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For immediate release: January 23, 2020
Contacts: Teresa McCallion, DOH Communications, 360-701-7991Heather Thomas, Snohomish Health District, 425-508-4980Susan Gregg, University of Washington Medicine, 206-390-3226
OLYMPIA --Today, the Washington State Department of Health (DOH) along with the Snohomish Health District and the UW Medicine Virology Lab, announce that the B.1.1.7 variant of COVID-19 has been found in testing samples from our state.
The UW Medicine Virology Lab detected two cases of the COVID-19 variant, known as B.1.1.7 or SARS-CoV-2 VOC 202012/01 in specimens collected from two Snohomish County residents. The lab screened 1,035 samples between December 25, 2020 and January 20, 2021 to detect mutations associated with B.1.1.7, first identified in the United Kingdom (UK). The lab confirmed the variant by whole viral genome sequencing. Data collected so far suggests a low prevalence of the B.1.1.7 variant in western Washington. Although these are the first detected B.1.1.7 variants in the state, it is likely that other cases exist and will come to light through ongoing surveillance.
“We thought this variant of concern was here and now we know it’s here. It was a huge team effort by the UW Medicine Virology Lab and required development of several new rapid tests to detect and confirm it,” said Dr. Alex Greninger, Assistant Professor of the Clinical Virology Lab at UW Medicine.
“The Snohomish Health District had already instituted standard case investigation, isolation, and contact tracing prior to learning about these cases,” said Dr. Chris Spitters, Health Officer for the Snohomish Health District. “Containment protocols are no different for B.1.1.7 variants than they are for all other cases of COVID-19. Follow-up investigation is underway to learn more about these cases and the individuals who tested positive for this strain.”
The B.1.1.7 variant, first detected globally in September 2020, emerged with an unusually large number of mutations and has now spread significantly in London and southeast England. This variant spreads more easily and quickly than other variants. According to the Centers for Disease Control and Prevention (CDC), there is no conclusive evidence that it causes more severe illness or increased risk of death. In a report last week, CDC estimated that this strain will become the dominant strain in the U.S. within a few months. Data they provided show that, through January 22, there were 195 detections of this variant in 22 states.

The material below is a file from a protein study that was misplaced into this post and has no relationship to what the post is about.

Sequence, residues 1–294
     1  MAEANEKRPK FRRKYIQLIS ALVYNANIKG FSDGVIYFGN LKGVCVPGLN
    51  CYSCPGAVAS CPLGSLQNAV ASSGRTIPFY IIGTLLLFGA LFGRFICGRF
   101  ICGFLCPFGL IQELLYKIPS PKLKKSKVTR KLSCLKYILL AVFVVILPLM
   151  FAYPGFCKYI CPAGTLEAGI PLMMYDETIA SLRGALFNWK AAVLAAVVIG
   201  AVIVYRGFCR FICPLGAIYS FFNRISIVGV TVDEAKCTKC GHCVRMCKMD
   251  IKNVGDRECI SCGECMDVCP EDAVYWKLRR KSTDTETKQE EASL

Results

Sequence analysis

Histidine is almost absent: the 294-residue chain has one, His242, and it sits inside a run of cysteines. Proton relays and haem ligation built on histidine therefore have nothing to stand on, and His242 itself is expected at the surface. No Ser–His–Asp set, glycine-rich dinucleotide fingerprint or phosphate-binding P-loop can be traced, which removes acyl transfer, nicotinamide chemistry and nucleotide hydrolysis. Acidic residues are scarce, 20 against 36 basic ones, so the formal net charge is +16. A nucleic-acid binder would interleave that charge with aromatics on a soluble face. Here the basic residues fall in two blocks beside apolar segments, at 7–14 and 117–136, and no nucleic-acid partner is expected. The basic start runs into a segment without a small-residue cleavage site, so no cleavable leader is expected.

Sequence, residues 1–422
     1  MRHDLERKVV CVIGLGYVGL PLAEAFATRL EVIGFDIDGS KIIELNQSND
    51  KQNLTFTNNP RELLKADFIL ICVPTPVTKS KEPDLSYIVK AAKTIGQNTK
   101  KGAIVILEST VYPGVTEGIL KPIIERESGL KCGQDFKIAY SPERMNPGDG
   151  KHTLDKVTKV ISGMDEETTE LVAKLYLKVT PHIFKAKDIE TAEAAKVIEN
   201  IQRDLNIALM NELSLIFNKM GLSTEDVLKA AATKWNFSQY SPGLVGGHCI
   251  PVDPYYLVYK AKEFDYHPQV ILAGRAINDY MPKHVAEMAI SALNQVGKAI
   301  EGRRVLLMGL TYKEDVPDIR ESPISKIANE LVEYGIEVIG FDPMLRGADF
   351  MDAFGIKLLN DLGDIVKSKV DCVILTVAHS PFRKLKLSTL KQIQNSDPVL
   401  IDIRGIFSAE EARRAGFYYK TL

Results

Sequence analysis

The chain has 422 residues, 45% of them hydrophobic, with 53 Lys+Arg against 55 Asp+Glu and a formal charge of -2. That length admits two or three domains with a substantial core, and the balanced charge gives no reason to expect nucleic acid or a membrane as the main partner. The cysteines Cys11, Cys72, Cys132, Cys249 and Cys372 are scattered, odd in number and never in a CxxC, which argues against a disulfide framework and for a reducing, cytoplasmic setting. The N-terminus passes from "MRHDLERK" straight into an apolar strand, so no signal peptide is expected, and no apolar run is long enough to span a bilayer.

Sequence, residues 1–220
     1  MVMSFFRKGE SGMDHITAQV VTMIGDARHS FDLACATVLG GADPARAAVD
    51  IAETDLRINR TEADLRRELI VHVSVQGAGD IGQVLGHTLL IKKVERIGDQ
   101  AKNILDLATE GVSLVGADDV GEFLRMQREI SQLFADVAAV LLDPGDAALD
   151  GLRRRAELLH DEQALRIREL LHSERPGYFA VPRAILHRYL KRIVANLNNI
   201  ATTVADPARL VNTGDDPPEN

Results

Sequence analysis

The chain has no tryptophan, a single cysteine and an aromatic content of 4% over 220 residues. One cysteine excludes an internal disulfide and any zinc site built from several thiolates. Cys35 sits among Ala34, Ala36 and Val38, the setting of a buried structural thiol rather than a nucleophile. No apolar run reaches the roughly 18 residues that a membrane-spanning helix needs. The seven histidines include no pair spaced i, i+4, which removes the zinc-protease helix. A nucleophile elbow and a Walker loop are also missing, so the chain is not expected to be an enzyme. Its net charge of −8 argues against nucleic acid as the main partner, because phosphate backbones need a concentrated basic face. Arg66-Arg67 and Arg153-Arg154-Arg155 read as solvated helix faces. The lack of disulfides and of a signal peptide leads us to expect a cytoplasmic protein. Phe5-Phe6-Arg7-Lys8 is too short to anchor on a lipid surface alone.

“While finding the B.1.1.7 variant is concerning, we knew it was only a matter of time before we found evidence of it here in Washington. That said, the health and safety of all Washingtonians remains our top priority,” said Secretary of Health Umair A. Shah, MD, MPH. “Now that this variant has been found, it underscores the absolute importance of doubling down on all the prevention measures to protect Washingtonians against COVID-19.”
Keep you and your community safe by following these guidelines:
• Wear a mask, even with people you see regularly and in your smallest social circles;
• Keep gatherings outside whenever possible;
• Avoid any social gatherings indoors, but if participating, wearing a mask and ensuring windows and doors are open to maximize ventilation;
• Wear a mask while in the car with other people, including with family who do not live in your household;
• Wash hands often, not touching your face, and carrying hand sanitizer for use when water and soap are not available;
• Stay home if you are sick or if you have been exposed to COVID-19; and,
• Get tested for COVID-19 if you have symptoms or were exposed to someone who tested positive.
Visit the Department of Health website or coronavirus.wa.gov for additional information.
If you would like to attend a short media advisory from 5:00-5:30 p.m. today, email Teresa.McCallion@doh.wa.gov.